Sanchez Art Center
is proud to present the sculptures of Elisabeth Higgins O’Connor
and the paintings of Livia C. Stein in Cautionary Tales Reconsidered,
opening Friday, January 10 with a reception from 7 to 9 pm. It is
a “reconsideration” of their joint exhibit at The Transmission Gallery
that was titled Cautionary Tales, December 7, 2012–January
19, 2013. Cameron Brian and Ruth Santee, owners/directors of The
Transmission Gallery in Oakland, are curating the Sanchez Art Center
exhibition as well. Their reconsideration of the same theme promises
to be thought-provoking, inspiring, and possibly unsettling—in a
Curators Cameron Brian and Ruth Santee will join artist Livia Stein
to talk about the exhibit on Sunday, February 9 at 4 pm.
Elisabeth Higgins O’Connor uses discarded materials, including bed sheets and blankets from thrift stores, old boxes, and all kinds of connecting substances and hardware, including, for instance, glue, paint, and drywall screws, to create large figures that manage to be both endearing and troubling. The artist says she is fascinated with “the undernoticed yet overwhelming, the marginal yet monumental.” Her larger-than-life-sized figures reach into your heart with their kind of pitiful, ragged appearance, while at the same time making you feel slightly threatened by their size and unpredictability.
O’Connor earned her MFA from University of California at Davis and currently teaches at Sierra College in Rocklin, California. She has exhibited at the Armory Center for the Arts in Pasadena, the San Jose Institute for Contemporary Art, the Torrance Art Museum, the de Saisset Museum in Santa Clara, and the Kohler Company Space in Kohler, Wisconsin. Her work has been reviewed in numerous publications including Artforum, LA Weekly, ArtWeek, Artillery, and Beautiful Decay.
Painter Livia C.
Stein’s artworks are a perfect complement to O’Connor’s mixed-media
sculptures. Stein works with oils as well as painting with ink,
does pastel and charcoal drawing, printmaking (monotypes), and uses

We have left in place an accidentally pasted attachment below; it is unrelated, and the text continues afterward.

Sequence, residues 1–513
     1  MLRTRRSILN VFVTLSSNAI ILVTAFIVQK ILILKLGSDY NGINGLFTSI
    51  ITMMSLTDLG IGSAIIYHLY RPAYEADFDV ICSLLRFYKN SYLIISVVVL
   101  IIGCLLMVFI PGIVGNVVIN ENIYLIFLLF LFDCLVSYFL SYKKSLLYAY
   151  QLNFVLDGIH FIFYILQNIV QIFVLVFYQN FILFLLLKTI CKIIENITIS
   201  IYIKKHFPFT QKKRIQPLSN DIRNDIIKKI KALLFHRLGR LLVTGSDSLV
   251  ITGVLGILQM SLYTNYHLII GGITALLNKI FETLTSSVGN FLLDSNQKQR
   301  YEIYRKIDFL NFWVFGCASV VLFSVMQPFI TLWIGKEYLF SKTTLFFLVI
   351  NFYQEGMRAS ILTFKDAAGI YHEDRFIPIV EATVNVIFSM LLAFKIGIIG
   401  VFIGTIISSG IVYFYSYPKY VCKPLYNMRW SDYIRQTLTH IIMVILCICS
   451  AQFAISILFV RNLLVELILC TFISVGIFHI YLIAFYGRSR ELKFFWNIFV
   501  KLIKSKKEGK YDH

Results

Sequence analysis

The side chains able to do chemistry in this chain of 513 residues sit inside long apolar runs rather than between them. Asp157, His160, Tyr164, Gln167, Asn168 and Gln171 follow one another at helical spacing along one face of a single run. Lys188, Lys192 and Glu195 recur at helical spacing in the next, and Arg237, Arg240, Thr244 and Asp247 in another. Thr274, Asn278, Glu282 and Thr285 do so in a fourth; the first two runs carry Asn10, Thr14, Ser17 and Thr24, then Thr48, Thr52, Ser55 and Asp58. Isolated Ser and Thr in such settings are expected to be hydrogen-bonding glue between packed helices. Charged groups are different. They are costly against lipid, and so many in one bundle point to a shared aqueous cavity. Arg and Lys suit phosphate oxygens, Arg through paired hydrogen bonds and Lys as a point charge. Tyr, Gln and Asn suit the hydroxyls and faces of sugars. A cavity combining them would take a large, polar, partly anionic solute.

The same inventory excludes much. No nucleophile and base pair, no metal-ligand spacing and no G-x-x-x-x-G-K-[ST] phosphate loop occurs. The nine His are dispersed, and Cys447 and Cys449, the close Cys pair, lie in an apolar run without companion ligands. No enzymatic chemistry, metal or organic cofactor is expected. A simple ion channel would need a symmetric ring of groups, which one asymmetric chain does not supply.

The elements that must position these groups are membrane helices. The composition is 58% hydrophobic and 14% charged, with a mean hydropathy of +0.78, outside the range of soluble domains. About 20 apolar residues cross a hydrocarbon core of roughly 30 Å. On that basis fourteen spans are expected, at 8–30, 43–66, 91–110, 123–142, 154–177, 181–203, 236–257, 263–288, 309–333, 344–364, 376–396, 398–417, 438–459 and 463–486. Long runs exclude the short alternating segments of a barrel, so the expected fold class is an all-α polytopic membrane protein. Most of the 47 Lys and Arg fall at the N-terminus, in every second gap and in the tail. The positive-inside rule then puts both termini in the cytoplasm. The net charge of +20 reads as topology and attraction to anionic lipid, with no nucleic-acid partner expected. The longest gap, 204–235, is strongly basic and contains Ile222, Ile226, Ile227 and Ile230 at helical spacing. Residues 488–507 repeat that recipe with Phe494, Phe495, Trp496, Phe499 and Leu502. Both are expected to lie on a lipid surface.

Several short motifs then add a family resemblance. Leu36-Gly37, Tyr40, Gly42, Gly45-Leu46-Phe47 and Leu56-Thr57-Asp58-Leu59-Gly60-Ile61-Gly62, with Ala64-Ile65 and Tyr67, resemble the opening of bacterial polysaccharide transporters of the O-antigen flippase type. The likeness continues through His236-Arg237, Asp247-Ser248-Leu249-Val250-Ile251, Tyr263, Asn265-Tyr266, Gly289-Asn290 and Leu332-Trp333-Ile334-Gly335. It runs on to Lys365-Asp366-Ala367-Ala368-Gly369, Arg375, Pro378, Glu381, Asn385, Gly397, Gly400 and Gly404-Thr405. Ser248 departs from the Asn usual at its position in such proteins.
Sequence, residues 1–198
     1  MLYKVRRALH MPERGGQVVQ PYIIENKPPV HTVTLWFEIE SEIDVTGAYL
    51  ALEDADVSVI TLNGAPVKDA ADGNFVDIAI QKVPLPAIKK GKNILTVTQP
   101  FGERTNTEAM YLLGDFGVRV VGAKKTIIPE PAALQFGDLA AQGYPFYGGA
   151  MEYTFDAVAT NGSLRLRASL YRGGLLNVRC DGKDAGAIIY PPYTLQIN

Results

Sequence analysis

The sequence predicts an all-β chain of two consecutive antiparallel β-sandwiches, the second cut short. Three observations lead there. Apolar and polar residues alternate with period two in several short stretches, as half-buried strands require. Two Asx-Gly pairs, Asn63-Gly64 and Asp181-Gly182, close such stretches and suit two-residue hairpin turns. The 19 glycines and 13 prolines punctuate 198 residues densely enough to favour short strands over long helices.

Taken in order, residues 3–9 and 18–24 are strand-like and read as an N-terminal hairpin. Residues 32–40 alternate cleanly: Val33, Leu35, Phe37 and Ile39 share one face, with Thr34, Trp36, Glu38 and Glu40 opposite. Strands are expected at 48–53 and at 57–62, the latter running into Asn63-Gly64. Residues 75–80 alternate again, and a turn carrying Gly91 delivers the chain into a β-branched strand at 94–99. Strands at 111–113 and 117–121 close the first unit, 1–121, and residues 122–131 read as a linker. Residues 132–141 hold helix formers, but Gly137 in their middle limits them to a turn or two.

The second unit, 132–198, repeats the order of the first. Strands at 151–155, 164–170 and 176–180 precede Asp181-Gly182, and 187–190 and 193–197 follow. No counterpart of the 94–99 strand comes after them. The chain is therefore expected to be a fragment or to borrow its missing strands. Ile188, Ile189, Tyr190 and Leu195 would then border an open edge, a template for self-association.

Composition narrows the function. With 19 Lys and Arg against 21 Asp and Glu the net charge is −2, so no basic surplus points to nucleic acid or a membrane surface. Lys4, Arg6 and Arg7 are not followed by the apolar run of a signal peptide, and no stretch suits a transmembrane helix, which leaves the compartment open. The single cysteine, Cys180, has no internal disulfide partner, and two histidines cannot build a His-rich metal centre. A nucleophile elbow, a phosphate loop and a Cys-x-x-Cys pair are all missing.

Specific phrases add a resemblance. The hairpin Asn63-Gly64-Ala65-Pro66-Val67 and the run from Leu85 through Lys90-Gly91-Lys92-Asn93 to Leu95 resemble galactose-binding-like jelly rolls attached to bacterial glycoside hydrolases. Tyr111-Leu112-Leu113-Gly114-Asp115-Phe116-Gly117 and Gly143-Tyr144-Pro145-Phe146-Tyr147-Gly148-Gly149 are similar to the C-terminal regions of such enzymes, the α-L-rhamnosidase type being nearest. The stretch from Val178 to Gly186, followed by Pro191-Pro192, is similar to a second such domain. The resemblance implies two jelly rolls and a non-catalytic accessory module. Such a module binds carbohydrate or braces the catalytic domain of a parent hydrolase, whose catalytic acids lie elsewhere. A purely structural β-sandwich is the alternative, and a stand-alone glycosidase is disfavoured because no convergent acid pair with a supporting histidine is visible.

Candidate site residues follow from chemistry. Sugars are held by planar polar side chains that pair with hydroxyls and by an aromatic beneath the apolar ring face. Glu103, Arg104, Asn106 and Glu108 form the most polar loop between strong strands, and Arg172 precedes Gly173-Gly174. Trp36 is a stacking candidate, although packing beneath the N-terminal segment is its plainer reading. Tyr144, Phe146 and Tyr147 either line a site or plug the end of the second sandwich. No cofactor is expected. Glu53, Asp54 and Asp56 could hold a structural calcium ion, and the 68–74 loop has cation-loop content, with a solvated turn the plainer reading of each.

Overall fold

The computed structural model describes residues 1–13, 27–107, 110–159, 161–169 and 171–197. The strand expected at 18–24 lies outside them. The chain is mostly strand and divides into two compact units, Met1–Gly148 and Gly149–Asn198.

mixed media, and clay. In Cautionary Tales Reconsidered,
brilliant colors predominate in her paintings and drawings, yet
there is also a delicacy of line that adds nuance and texture. Stein’s
oil painting Orange Crocodile Interacts with Man’s Nose
brings in the animal element often found in cautionary tales, and
a sense of confrontation and not knowing what will happen next.
Stein says of her process that it’s “like jumping off a cliff but
gradually knowing one has the skills to land softly and surely.
The experience of jumping and doing the work is what matters.”
Stein received her MA from San Francisco State in an innovative experimental art program, founded by Jock Reynolds, now director of the Yale University Art Gallery. She currently is a faculty member at Dominican University, San Rafael, California. Her work has been exhibited internationally and is in many public and private collections, such as the Achenbach Foundation for Graphic Arts, Oakland Museum of California, Fine Arts Museums of San Francisco, and the University of Iowa Art Museum.
Together, the works
of O’Connor and Stein tug gently at any habitual presumptions of
righteous innocence we may have, and show us that there is always
more going on under the surface of life, whether we like it or not.
To learn more about these artists, visit www.liviacstein.com
Come to the opening reception for the artists on Friday, January 10, 7 to 9 pm. Thereafter the galleries are open Friday, Saturday, and Sunday from 1 to 5 pm, through the exhibits’ closing day, February 9. Sanchez Art Center is located at 1220 Linda Mar Blvd., Pacifica, California, about 1.5 miles east of Highway 1 and the Pacific Ocean.